Holland, George

Holland was born in London, England and entered Hudson's Bay Company service in 1835 as a seaman. He sailed from Gravesend to the Pacific Coast on the maiden voyage of the H.B.C. Steamer Beaver arriving at Fort Vancouver in 1836. Before being posted to Fort Victoria, ten years later, he served on board the Cadboro as well as on shore at Fort Vancouver in 1842 and as postmaster at Fort Langley from 1843 to 1846. Throughout much of his first summer at Fort Victoria in 1846, Holland suffered from a prolonged illness described by Finlayson as "an affectation of the kidneys" for which he was visited by the doctor on board the Pandora in late July. The following year, despite a favorable evaluation by James Douglas, who referred to him as "an honest worthy soul", he returned to England on board the Columbia as, in Douglas's words, "the climate did not agree with him". In 1850 he was appointed first mate and sailed back to Fort Victoria aboard the Norman Morison where he was in conflict with Captain Wishart and perhaps J.S. Helmcken, who wrote that Holland "was not much of a sailor or anything else", and in 1851 resigned from the Company and disappeared from company records.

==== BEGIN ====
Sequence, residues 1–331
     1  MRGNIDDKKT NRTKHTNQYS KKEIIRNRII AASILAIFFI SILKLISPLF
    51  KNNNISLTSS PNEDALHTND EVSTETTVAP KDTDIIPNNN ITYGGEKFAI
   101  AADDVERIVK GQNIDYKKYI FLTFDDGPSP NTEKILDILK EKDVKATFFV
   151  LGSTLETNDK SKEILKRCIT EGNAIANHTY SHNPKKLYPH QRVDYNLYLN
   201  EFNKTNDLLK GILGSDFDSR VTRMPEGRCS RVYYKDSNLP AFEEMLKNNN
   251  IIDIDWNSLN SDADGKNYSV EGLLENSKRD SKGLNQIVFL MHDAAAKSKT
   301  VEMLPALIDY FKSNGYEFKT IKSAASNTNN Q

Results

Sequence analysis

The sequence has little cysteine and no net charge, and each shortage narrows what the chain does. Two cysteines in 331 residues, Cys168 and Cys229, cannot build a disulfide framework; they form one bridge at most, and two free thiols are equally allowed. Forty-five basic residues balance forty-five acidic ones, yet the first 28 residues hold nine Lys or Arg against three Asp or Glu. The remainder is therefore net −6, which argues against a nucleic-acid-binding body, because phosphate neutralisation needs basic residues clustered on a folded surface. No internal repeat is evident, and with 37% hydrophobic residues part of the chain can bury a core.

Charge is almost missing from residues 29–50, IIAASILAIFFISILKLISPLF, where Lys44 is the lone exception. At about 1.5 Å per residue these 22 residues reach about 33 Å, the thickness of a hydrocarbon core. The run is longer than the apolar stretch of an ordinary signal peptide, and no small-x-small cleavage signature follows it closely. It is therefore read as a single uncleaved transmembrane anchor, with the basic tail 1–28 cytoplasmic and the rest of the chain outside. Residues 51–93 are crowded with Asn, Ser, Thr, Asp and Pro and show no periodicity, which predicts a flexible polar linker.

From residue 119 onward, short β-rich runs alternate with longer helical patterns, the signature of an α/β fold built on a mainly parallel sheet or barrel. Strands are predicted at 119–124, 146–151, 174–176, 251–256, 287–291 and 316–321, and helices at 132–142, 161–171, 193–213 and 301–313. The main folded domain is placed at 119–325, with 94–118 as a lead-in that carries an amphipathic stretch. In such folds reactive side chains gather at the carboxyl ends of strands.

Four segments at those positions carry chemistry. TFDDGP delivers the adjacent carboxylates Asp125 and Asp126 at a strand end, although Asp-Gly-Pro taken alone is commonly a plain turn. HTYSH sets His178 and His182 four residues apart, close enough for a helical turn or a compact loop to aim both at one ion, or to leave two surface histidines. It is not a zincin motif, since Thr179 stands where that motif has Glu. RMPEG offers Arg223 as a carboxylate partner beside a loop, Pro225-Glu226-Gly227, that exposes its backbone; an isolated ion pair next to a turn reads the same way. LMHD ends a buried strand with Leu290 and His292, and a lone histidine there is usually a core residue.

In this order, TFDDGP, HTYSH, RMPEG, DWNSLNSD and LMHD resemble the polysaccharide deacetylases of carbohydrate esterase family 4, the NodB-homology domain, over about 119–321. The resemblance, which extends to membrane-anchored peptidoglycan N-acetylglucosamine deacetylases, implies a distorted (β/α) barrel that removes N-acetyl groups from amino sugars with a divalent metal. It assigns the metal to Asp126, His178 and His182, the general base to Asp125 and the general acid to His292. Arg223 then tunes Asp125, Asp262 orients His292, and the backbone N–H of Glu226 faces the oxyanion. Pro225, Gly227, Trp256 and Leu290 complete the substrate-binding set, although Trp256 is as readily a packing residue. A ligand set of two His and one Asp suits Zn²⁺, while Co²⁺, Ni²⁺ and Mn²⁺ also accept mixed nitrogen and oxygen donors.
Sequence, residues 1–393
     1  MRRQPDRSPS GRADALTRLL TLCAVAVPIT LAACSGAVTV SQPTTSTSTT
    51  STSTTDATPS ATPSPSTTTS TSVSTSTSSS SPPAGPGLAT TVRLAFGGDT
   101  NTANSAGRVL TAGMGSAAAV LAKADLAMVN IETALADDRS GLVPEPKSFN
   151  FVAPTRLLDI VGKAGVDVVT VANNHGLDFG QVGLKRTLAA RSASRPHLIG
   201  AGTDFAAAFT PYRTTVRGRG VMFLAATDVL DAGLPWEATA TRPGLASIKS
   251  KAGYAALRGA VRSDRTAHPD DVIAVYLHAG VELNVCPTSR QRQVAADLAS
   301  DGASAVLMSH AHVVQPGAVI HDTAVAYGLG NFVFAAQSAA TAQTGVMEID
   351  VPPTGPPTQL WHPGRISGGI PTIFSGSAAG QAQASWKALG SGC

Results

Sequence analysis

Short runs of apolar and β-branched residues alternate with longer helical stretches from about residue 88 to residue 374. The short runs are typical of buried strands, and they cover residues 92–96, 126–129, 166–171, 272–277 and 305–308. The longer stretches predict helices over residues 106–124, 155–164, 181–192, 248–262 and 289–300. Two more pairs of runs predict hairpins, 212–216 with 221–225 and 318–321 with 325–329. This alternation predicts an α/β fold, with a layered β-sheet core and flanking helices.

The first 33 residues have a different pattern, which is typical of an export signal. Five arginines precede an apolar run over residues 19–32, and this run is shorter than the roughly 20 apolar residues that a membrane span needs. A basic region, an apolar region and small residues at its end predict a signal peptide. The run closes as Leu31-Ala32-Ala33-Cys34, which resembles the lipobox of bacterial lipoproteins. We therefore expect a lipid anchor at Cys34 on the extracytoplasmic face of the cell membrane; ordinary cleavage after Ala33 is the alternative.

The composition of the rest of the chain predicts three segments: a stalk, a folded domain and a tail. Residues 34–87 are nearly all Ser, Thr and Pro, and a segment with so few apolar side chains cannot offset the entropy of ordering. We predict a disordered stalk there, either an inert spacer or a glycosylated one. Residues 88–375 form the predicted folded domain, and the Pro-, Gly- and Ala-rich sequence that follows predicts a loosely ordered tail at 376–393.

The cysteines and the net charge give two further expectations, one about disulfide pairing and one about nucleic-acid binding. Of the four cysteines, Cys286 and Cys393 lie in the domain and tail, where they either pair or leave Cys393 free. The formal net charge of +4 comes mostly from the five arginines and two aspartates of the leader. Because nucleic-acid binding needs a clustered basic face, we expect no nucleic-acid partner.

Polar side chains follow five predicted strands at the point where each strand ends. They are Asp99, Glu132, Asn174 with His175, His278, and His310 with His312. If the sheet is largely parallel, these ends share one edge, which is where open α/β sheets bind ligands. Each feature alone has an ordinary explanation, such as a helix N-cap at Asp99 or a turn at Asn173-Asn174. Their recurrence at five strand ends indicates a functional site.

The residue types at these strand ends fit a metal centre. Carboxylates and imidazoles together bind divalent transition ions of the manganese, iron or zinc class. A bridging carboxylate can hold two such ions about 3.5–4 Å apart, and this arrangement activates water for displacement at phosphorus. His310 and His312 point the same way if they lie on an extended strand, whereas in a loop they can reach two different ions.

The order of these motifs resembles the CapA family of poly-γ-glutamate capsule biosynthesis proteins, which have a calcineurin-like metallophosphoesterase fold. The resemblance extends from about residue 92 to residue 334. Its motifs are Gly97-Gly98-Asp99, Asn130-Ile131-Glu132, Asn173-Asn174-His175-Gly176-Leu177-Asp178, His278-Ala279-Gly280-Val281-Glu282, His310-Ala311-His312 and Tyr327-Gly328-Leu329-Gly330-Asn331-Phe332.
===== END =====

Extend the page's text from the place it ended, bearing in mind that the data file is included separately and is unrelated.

• Bowsfield, Hartwell, ed. Fort Victoria Letters (1846 – 1851). Hudson's Bay Record Society, Winnipeg, 1979.
  • Evans, Mike. "George Holland." BC Metis Mapping Project. http://ubc.bcmetis.ca/hbc_bio_profile.php?id=MTMOMw.
  • Smith, Dorothy Blakey, ed. The Reminiscences of Doctor John Sebastian Helmcken. Vancouver: University of British Columbia Press, 1975.
  • Watson, Bruce McIntyre. Lives Lived West of the Divide. Kelowna: Centre for Social, Spatial, and Economic Justice, University of British Columbia, 2010.
Graham Brazier